Big Book of AA
“Half measures availed us nothing. We stood at the turning point. we asked His protection and care with complete abandon.
Here are the steps we took, which are suggested as a program of recovery:
1. We admitted we were powerless over alcohol-that our lives had become unmanageable.
2. Came to believe that a Power greater than ourselves could restore us to sanity.
3. Made a decision to turn our will and our lives over to the care of God as we understood Him.
4. Made a searching and fearless moral inventory of ourselves.
5. Admitted to God, to ourselves, and to another human being the exact nature of our wrongs.
6. Were entirely ready to have God remove all these defects of character.
7. Humbly asked Him to remove our shortcomings.
8. Made a list of all persons we had harmed, and became willing to make amends to them all.
9. Made direct amends to such people wherever possible, except when to do so would injure them or others.
10. Continued to take personal inventory and when we were wrong promptly admitted it.
11. Sought through prayer and meditation to improve our conscious contact with God as we understood Him, praying only for knowledge of His will for us and the power to carry that out.
12. Having had a spiritual awakening as the result of these steps, we tried to carry this message to alcoholics, and to practice these principles in all our affairs.”
Chapter 5 “How It Works” (pg 59 &60) Big Book of AA
These are the principles of any 12-step program. On the first Wednesday of the month St. Mark’s Episcopal Church has begun a 12-step Eucharist at our mid-week 5:30 pm service where the steps are read at certain parts in the liturgy of the word and table. It is a reminder to those not in 12-step recovery that these programs are based on very spiritual principles and that recovery involves a spiritual program. It also can send a message to those in 12-step programs that the principles they live by are also in and supported by the church, their religious community. Note that this is a “we” program. Recovery comes about in community. These are principles that can change people’s lives. As any of us live these principles in “all our affairs” we see miracles happen. If we attend a 12-step meeting, we are sitting in a room full of miracles.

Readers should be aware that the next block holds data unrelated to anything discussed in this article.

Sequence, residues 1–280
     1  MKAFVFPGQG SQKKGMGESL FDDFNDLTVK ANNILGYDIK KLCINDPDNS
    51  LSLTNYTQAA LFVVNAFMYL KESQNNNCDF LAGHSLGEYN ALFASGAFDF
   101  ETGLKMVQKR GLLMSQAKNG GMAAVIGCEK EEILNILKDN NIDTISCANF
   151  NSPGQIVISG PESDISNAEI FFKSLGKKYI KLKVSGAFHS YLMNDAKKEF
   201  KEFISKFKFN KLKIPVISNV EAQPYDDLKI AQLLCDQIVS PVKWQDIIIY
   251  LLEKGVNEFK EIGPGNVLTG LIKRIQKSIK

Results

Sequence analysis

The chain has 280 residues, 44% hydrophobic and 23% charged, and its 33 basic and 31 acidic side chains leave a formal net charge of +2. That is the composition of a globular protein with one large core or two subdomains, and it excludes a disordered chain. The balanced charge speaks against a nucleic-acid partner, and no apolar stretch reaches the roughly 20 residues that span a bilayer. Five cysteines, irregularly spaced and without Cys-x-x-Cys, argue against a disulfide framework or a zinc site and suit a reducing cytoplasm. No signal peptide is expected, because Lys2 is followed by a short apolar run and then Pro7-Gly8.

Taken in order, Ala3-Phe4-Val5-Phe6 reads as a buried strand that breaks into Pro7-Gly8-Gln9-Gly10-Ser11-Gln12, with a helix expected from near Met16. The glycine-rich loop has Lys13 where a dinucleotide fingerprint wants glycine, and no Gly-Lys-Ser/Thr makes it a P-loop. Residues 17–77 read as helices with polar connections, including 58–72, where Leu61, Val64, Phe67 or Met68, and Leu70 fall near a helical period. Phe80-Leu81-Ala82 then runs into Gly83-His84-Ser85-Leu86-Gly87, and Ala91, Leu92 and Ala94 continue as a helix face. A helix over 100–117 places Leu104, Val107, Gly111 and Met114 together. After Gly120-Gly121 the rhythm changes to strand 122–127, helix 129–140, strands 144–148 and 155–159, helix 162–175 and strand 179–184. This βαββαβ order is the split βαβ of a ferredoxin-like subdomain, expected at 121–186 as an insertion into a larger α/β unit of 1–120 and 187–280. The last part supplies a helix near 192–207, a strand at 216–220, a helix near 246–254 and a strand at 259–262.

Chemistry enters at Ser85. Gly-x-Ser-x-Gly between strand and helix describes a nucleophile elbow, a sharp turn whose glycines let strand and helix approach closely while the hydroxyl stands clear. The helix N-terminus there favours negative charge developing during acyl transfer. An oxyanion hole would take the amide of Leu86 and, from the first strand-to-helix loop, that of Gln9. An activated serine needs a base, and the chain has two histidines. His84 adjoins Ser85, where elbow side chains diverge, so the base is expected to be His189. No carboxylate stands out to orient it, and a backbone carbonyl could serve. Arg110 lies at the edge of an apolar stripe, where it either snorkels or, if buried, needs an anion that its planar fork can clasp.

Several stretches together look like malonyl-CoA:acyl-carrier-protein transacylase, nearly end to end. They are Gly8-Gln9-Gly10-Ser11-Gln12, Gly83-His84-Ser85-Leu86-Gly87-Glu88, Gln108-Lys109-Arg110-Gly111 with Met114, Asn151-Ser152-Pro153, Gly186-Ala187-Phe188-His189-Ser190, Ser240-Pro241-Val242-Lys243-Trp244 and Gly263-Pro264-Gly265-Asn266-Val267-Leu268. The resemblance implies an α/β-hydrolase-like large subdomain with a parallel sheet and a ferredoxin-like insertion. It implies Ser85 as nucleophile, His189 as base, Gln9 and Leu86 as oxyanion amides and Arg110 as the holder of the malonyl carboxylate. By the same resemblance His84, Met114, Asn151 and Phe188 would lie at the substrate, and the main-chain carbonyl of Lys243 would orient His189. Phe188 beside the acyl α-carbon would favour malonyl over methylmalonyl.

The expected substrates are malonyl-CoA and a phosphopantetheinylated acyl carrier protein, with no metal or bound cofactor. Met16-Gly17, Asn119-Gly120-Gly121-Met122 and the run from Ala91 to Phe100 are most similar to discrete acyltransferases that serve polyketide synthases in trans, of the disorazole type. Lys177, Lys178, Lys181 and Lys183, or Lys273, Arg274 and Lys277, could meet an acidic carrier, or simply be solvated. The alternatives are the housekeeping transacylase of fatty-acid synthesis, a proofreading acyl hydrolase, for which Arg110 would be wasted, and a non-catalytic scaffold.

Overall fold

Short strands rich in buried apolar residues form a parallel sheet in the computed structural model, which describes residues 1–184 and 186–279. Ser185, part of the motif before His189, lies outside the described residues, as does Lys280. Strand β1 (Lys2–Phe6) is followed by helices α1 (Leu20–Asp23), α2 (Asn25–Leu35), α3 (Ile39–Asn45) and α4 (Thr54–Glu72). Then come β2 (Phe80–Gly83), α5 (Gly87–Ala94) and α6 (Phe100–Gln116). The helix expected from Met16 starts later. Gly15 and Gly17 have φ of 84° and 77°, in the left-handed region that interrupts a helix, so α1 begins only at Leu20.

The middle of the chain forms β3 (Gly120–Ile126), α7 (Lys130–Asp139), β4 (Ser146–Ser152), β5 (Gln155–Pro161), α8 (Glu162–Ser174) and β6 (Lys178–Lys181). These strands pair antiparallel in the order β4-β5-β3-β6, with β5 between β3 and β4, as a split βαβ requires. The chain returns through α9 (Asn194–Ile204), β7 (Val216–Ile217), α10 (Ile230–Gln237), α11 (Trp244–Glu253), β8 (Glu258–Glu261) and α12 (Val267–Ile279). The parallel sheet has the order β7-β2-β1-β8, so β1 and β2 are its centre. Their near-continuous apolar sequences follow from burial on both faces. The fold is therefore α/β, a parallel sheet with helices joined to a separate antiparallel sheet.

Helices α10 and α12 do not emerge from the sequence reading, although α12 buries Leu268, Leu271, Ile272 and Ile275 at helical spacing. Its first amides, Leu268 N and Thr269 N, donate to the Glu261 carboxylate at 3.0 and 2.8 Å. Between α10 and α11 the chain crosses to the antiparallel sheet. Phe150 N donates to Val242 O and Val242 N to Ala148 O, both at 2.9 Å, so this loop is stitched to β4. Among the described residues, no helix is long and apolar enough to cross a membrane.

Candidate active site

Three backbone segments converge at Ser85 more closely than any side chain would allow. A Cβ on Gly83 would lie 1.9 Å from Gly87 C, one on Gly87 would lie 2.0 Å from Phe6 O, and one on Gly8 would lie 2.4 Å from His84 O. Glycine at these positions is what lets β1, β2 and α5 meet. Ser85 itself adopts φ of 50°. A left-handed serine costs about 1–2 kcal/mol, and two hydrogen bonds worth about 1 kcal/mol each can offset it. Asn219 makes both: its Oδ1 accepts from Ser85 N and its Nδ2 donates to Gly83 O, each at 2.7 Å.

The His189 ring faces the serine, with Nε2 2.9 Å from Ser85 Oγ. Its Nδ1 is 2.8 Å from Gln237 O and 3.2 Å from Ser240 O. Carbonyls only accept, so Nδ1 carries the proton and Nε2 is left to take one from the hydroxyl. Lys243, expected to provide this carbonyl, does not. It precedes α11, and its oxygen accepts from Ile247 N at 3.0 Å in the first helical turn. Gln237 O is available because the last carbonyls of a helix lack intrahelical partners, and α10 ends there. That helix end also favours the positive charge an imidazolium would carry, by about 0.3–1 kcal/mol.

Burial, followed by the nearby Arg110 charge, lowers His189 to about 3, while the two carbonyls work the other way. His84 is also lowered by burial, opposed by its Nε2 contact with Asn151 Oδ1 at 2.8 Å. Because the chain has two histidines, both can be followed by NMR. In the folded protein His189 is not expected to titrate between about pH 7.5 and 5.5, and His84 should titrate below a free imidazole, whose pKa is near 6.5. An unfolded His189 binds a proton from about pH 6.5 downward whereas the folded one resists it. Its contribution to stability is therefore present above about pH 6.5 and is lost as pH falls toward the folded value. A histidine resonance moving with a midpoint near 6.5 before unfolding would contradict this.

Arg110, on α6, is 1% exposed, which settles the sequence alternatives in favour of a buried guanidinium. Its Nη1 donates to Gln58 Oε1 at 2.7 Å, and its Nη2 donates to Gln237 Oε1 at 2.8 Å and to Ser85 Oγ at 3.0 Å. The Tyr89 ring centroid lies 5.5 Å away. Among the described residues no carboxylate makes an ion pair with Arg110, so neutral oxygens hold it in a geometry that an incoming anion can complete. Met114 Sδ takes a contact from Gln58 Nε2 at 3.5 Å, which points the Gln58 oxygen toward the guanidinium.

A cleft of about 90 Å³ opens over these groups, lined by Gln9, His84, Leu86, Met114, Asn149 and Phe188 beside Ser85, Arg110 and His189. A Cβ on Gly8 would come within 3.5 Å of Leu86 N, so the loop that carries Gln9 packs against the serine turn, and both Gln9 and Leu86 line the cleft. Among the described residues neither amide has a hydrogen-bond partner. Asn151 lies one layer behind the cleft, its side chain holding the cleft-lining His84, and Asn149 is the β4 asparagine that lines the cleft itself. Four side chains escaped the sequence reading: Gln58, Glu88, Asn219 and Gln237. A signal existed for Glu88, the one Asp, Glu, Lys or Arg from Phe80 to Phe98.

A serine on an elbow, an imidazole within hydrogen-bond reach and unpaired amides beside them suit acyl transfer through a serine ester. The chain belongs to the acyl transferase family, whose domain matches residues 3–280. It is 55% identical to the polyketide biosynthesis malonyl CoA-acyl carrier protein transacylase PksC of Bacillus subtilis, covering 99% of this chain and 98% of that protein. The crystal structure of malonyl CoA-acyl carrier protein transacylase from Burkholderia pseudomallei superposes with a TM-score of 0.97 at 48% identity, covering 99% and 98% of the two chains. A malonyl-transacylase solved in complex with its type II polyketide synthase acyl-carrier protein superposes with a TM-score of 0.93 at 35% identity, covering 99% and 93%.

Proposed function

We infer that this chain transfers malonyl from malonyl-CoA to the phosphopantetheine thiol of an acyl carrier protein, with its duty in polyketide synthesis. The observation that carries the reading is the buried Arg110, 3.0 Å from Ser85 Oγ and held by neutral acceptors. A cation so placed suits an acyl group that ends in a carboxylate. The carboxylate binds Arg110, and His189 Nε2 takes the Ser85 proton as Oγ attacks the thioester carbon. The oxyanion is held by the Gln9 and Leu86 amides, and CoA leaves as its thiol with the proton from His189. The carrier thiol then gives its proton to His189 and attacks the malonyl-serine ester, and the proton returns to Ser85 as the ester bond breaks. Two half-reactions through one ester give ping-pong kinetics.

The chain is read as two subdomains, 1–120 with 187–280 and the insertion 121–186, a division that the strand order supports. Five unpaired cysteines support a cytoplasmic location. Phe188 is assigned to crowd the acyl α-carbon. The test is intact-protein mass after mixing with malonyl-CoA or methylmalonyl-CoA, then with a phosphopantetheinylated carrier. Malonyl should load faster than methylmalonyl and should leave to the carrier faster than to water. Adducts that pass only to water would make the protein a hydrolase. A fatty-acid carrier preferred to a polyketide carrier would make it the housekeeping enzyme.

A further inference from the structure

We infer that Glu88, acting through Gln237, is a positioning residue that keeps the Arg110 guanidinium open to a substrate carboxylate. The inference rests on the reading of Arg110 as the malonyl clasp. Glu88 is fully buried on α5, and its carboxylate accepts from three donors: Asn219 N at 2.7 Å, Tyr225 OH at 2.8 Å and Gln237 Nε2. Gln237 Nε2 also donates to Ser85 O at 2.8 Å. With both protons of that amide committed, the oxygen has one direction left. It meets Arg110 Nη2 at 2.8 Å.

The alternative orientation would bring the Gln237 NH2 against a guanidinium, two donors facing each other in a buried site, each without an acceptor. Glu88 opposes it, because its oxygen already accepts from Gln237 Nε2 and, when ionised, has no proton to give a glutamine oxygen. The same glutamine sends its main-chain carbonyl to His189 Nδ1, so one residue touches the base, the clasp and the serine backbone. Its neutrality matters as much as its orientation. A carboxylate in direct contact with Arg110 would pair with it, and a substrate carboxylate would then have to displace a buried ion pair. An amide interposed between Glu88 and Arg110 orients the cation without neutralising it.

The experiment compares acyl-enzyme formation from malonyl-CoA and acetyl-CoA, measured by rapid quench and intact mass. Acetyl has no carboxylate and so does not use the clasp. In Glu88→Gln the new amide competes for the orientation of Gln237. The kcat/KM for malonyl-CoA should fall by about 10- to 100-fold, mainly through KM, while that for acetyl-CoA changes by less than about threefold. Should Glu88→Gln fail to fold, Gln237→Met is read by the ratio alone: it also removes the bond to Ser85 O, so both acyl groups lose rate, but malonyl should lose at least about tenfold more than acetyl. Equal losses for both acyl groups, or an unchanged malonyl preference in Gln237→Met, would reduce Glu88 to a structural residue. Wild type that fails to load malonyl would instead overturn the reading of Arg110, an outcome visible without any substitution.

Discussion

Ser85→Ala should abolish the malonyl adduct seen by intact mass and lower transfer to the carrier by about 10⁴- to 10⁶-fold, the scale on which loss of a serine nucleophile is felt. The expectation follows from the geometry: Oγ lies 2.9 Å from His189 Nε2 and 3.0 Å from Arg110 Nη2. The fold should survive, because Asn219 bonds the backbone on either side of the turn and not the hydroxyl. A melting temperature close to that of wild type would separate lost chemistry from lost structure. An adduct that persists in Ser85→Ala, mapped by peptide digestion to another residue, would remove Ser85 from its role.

The first miracle happened with a New York stockbroker, Bill Wilson, who had been a hopeless alcoholic. After multiple hospitalizations in 1935 he cried from his most recent hospital room out to a God he had heard about from his friend Ebby Thacher in the Oxford Group, “I’ll do anything! Anything at all! If there be a God, let Him show Himself!” Suddenly he felt a feeling of ecstasy and experienced the feeling of a bright white light and a feeling of peace. He never drank again. On a later trip to Akron, Ohio, he believed the answer was “we” and that he could stay sober by talking to another alcoholic. The next day, the day after Mother’s Day in 1935, he visited in the upstairs bedroom for six hours with Dr. Bob Smith, a physician whose practice was almost destroyed by his alcoholism. Together they began a spiritual “we” program of recovery that has saved millions of lives all over the world.
Bill Wilson died on this date January 24, 1971, years before many of those today have been born to save our lives. (Pass It On)